If you reduce language learning to its bare bones, you can come up with a methodology that suits many of SLA theorists: intensive conversation with a willing partner, one-to-one, providing the language input you need to communicate your thoughts. Could an app one day do all that?
The criteria for evaluating the worth of any language learning software must include some assessment of its fitness for purpose. That is to say, does it facilitate learning? But how do you measure this? Short of empirically testing the software on a representative cross-section of learners, we need a rubric according to which the learning power of the item can be estimated. And this rubric should, ideally, be informed by our current understandings of how second languages are best learned, understandings which are in turn derived from the findings of researchers of second language acquisition (SLA).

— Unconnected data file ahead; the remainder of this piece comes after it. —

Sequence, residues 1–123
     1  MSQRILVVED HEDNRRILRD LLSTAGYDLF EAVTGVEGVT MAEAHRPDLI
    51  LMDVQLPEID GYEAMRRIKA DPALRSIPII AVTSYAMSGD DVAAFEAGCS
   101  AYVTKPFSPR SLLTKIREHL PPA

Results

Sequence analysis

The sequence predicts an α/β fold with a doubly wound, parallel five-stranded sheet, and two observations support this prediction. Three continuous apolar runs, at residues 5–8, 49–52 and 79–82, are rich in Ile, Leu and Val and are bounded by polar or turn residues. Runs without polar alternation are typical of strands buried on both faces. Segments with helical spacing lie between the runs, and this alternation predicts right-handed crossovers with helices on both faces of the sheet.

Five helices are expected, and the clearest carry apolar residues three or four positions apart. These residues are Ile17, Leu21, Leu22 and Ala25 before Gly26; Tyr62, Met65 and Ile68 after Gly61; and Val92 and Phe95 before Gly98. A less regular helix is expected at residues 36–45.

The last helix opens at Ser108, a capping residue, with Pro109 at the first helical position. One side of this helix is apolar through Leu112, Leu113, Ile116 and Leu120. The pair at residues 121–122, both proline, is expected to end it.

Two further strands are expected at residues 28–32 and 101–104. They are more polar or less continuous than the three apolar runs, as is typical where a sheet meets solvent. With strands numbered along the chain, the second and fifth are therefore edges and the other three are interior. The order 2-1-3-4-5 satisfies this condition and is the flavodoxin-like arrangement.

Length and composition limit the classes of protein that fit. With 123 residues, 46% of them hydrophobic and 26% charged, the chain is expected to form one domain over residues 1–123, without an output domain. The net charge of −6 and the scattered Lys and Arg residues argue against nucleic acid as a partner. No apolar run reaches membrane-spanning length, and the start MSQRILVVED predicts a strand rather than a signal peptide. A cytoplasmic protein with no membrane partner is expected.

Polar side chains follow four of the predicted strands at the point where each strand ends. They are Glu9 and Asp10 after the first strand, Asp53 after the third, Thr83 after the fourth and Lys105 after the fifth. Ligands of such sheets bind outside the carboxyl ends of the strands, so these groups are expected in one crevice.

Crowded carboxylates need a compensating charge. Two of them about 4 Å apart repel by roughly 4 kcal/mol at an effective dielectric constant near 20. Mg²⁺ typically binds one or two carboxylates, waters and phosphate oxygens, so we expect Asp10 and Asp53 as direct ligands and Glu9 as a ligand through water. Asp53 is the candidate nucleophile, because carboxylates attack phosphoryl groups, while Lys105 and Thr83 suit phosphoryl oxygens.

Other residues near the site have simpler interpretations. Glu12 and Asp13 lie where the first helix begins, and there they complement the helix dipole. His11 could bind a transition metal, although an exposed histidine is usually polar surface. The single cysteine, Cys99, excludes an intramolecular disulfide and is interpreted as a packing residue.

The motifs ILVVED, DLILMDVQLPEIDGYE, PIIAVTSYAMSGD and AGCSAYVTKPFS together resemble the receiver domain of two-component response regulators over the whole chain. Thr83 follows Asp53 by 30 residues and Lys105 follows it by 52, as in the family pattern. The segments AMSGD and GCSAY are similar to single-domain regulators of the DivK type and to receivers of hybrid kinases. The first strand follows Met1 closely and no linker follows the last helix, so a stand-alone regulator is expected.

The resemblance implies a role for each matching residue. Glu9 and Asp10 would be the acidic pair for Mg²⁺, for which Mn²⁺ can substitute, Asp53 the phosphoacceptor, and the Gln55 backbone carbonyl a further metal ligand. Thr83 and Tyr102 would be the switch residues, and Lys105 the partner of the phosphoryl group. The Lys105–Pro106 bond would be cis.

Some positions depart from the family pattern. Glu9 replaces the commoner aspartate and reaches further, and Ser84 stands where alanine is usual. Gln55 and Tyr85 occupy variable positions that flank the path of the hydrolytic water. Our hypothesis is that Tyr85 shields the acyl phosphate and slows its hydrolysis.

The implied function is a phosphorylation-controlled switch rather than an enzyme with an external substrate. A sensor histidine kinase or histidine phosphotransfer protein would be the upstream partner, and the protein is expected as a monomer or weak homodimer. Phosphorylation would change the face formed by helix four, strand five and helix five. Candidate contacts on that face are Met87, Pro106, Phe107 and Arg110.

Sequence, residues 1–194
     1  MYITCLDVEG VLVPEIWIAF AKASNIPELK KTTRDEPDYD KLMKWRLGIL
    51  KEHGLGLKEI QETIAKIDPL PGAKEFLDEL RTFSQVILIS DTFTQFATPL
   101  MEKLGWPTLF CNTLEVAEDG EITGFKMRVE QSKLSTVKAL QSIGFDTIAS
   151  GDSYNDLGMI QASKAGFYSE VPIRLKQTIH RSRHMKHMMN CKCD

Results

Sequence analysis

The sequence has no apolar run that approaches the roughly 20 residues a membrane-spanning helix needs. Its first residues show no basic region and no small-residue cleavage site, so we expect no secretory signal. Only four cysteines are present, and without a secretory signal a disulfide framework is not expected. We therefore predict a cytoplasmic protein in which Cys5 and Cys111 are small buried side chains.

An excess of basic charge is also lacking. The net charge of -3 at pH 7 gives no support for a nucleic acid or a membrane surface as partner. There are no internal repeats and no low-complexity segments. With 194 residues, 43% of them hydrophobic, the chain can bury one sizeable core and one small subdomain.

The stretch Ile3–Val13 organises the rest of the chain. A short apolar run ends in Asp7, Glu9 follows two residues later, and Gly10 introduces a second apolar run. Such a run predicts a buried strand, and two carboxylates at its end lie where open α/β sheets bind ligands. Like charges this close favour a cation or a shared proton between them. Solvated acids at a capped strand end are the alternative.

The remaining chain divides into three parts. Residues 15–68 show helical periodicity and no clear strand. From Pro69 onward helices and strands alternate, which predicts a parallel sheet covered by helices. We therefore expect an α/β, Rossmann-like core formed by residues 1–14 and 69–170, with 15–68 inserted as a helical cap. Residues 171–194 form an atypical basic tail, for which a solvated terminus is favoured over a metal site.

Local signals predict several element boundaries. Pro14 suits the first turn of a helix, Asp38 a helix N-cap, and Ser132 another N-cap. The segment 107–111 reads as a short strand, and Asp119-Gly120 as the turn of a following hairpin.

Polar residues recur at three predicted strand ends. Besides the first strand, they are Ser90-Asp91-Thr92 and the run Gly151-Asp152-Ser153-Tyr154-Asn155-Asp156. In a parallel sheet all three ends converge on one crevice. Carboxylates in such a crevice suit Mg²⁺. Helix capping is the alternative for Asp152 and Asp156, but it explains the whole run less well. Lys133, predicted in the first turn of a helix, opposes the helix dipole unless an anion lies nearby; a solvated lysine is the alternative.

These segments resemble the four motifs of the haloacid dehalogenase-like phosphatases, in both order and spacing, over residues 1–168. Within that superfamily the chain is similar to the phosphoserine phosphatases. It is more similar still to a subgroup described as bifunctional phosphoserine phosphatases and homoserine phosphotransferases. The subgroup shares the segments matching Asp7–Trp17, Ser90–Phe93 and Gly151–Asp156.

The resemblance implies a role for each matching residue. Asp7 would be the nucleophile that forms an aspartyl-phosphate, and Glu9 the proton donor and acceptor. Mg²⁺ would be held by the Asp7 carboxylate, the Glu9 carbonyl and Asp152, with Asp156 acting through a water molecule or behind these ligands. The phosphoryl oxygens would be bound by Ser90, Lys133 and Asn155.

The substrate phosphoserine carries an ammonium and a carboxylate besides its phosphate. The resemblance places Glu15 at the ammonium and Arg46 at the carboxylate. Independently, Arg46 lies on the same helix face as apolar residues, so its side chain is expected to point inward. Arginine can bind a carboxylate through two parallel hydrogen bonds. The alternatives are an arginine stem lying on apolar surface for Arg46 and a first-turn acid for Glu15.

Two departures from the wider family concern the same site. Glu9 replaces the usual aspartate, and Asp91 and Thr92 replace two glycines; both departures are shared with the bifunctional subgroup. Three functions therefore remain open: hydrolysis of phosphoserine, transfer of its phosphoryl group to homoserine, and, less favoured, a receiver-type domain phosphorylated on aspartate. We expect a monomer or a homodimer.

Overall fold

The second of a two-part series, by Scott Thornbury
Textbooks, generally speaking, don’t score high on the originality stakes. And for good reason.
The first of a two-part series, by Scott Thornbury
Learning linguistic items is not a linear process – learners do not master one item and then move on to another. In fact, the learning curve for a single item is not linear either. The curve is filled with peaks and valleys, progress and backslidings.